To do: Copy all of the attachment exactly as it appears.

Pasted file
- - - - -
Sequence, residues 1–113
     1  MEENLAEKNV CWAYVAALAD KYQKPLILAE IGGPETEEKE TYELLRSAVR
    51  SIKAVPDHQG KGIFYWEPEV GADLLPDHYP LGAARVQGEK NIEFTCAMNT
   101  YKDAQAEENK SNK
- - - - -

Sequence, residues 1–113
     1  MEENLAEKNV CWAYVAALAD KYQKPLILAE IGGPETEEKE TYELLRSAVR
    51  SIKAVPDHQG KGIFYWEPEV GADLLPDHYP LGAARVQGEK NIEFTCAMNT
   101  YKDAQAEENK SNK